Just beside the shelter that we stand under, Kenneth shows us heart-shaped leaves, part of the cabbage family, growing beside the tiles on the ground. I would have easily dismissed it as a weed. “This plant is called honesty,” Kenneth says. He says honesty is a biennial plant, one which takes two years to go from seed to flower and which in two months’ time will grow bigger to have large purple and/or white four petal flowers with flat silver dollar disks and black seeds in them commonly called “purses” because they look like ‘coins in a purse.’ “The only edible part is the roots, so when you’re collecting this plant, you’ll see that it has long roots that taste somewhat like radish so you can use it even as a substitute,” he says. He goes on to show another plant that looks and smells a little bit like chives and is called crow garlic, an allium or member of the onion family. “You can use this like who you would use chives. You can stir it into cream cheese, put it in soups, salads, sandwiches, pesto, whatever you fancy,” he says. “It’s almost like this bluish-green colour, with tubular, almost grass-like leaves but they’re not flat, they’re spherical. The best thing about crow garlic is that in June or July, it grows these almost basket-like bulbs on top that can be used like cocktail onions. You can pickle them, use them as an onion substitute.” I snap the end of the green crow garlic stem and smell the freshness to get the taste of a garlicky onion, mild at first with a bite as I chew on.
“When you’re out collecting plants, always make sure you’ve got a sharp pen knife, secateurs, scissors and a little hand trowel.” These tools are especially important so that as foragers we only take parts of the plant that are needed, typically two-thirds, instead of pulling out the whole plant. Doing so would allow the plant to recover and be available for wildlife and human beings in the future. “This is the leave-no-trace attitude. So, just be mindful and considerate when foraging,” Kenneth encourages the group. He advises that the good, young leaves are usually the 6-8 leaves on the top and anything below that tends to be yellow, already eaten or spoiled. “When you’re picking, don’t just go eating [whatever you find]. Ask – does it look nice? Is it yellow? Is it spoiled? Would you buy something like that from the supermarket?”, he says.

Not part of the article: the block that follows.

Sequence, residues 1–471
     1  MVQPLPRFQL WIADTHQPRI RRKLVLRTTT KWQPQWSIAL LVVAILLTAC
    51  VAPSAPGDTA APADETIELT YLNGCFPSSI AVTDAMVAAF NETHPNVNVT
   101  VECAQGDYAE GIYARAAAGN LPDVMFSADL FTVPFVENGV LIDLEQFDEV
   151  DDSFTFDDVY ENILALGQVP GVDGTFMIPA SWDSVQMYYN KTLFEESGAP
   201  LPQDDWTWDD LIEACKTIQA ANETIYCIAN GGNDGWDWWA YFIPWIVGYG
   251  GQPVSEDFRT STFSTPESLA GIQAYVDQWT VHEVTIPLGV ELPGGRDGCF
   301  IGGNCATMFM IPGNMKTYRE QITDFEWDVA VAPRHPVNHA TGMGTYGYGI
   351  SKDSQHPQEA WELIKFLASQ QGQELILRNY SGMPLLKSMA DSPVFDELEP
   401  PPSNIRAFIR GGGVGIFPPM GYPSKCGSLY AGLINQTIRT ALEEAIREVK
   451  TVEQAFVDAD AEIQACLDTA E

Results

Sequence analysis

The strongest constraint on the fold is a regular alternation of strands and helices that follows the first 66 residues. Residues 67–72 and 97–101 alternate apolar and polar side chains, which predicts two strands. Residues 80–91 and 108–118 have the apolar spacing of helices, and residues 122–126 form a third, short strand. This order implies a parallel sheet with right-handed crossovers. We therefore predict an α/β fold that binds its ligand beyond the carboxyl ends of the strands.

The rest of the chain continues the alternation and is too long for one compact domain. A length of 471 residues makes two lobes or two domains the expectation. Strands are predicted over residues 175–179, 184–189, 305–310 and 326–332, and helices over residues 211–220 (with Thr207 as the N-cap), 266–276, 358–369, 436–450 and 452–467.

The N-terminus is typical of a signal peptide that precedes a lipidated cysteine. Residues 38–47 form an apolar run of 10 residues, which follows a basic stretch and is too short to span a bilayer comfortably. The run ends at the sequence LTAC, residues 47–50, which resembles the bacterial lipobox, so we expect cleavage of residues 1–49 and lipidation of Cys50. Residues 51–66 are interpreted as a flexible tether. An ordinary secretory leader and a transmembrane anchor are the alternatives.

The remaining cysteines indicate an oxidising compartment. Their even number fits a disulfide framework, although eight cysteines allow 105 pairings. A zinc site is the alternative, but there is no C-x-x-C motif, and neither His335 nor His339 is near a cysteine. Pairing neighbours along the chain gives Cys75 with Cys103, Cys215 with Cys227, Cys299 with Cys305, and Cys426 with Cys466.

As we head further along the expedition, we come across lady’s smock or the cuckoo flower plant which is called so because it flowers when the cuckoo begins to call. During this time, the leaves are heart-shaped and small. “By April, it will have small, light pink, almost white four petal flowers and have needle-like leaves, all of which are edible. It’s hot like wasabi and you can put in cheese, cream cheese and if you’re going to put it in a salad, you have to treat it like salt and pepper and put a little bit in because it is very overpowering,” he says. The cold weather leaves me with a blocked nose but my taste buds capture the pungent, spiciness of a small portion of the leaves, causing me to scrunch my face, enjoyably. “You need to get to know the plant, what it looks like over winter when it’s waiting to flower before spring and then how the plant completely changes when it flowers,” Kenneth advises.